In the meantime, on February 28, 2013, PFC Manning pleaded guilty to ten of the twenty-two charges against him. Twelve counts remained to be tried. Manning also elected to be tried by way of a bench trial, with Judge Lind as the sole finder of fact, rather than to avail himself of his right to trial by a jury of other servicemembers.

On May 22, 2013, just over a month after the CAAF issued its ruling, plaintiffs filed suit in this Court against Colonel Denise Lind; Maj. General Michael Linnington; Lieutenant General Dana Chipman, the Army Judge Advocate General; and Secretary of Defense Charles T. Hagel. All of the defendants were sued in their official capacities. Plaintiffs’ complaint contains three counts: (1) a request for injunctive relief under the First Amendment; (2) a request for a writ of mandamus under the First Amendment; and (3) a request for a writ of mandamus under the common law and R.C.M. 806, which provides that courts-martial generally are to be “open to the public.” They seek a declaratory judgment, the issuance of various directives and/or writs of mandamus to the Manning court-martial, and an award of attorneys’ fees and costs.

As noted, plaintiffs also filed, along with their complaint, a motion to obtain preliminary injunctive relief. The Motion for Preliminary Injunction (ECF 2) was fully briefed by the parties, and oral argument was presented to the Court on June 17, 2013.[6]

Additional facts are included in the Discussion.


Notwithstanding the intense public interest in PFC Manning’s court-martial, and the corresponding questions concerning national security that pervade PFC Manning’s alleged offenses, the merits of the government’s prosecution of PFC Manning have limited relevance to the issues before me. I must first determine whether this Court possesses jurisdiction to resolve the Motion and, if so, I must discern and apply the law with respect to public access to an ongoing general court-martial, within the parameters established by binding Supreme Court and Fourth Circuit precedent and other persuasive authority, and in the context of a request for preliminary injunctive relief.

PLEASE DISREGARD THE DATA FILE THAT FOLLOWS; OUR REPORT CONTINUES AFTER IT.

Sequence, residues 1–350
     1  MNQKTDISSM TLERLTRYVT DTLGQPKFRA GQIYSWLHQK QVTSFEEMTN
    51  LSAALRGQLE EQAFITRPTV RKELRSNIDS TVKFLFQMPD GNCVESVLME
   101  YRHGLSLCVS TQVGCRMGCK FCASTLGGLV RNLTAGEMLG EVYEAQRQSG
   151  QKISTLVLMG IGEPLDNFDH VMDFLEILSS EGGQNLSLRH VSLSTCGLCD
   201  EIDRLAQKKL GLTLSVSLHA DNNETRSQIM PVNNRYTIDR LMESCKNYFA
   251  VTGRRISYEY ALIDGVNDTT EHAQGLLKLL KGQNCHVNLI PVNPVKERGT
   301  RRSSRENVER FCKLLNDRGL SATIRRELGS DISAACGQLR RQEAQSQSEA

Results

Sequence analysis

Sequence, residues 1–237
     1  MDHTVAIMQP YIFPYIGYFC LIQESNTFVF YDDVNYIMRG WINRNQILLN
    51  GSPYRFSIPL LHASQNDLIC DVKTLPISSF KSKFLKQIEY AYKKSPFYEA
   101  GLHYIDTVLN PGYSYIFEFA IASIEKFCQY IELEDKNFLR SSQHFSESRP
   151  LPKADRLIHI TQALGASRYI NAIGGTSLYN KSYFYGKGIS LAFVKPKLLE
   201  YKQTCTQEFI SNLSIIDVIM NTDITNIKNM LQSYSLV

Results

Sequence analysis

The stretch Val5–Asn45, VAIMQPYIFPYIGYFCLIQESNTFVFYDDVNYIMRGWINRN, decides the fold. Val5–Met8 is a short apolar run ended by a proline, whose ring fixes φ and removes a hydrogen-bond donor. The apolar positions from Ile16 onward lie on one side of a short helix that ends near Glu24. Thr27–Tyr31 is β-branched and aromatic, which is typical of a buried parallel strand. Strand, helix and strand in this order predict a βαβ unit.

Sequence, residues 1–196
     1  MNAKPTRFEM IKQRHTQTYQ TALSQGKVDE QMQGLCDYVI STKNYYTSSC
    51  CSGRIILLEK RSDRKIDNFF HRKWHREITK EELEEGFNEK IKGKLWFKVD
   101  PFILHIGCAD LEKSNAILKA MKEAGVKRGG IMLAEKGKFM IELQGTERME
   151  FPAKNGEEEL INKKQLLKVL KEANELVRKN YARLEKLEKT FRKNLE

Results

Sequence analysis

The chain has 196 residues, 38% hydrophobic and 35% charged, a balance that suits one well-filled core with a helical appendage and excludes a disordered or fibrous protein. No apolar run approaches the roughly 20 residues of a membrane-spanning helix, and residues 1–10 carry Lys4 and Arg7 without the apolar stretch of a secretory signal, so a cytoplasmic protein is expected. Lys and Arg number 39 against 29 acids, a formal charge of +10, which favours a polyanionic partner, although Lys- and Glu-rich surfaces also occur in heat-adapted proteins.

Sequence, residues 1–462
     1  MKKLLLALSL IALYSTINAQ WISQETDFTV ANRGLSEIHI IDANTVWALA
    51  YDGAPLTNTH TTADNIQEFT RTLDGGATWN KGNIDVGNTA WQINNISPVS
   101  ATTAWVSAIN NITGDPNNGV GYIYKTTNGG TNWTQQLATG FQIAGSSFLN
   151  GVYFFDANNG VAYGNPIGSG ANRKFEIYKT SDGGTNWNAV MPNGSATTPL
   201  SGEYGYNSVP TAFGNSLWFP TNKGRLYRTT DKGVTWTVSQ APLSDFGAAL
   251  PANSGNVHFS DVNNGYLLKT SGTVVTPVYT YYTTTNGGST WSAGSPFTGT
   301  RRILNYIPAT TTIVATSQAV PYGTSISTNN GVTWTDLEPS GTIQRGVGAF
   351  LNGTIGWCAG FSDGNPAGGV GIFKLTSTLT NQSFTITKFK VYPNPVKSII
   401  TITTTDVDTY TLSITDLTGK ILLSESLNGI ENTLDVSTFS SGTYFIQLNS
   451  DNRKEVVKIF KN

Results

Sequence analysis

A. Jurisdiction

Plaintiffs assert that this Court has subject matter jurisdiction under the general grant of federal question jurisdiction, 28 U.S.C. § 1331, and under the mandamus provisions of 28 U.S.C. § 1361.[7]

As to federal question jurisdiction, plaintiffs invoke the principle that a federal court has jurisdiction to issue preliminary and permanent injunctive relief against federal officials in their official capacities to enjoin a violation of the First Amendment. See, e.g., United States v. Minor, 228 F.3d 352, 356-57 (4th Cir. 2000) (“When constitutional interests are . . . clearly implicated, federal courts have broad discretion to fashion a remedy in equity.”) (citing, inter alia, Bell v. Hood, 327 U.S. 678, 684 (1946) (“[I]t is established practice . . . to sustain the jurisdiction of federal courts to issue injunctions to protect rights safeguarded by the Constitution.”)); see also R.I. Dept. of Envt’l Mgmt. v. United States, 304 F.3d 31, 41 (1st Cir. 2002) (“[O]ur courts have long recognized that federal officers may be sued in their official capacity for prospective injunctive relief to prevent ongoing or future infringements of federal rights. Such actions are based on the grant of general federal-question jurisdiction under 28 U.S.C. § 1331 and the inherent equity powers of the federal courts.”) (internal citations omitted).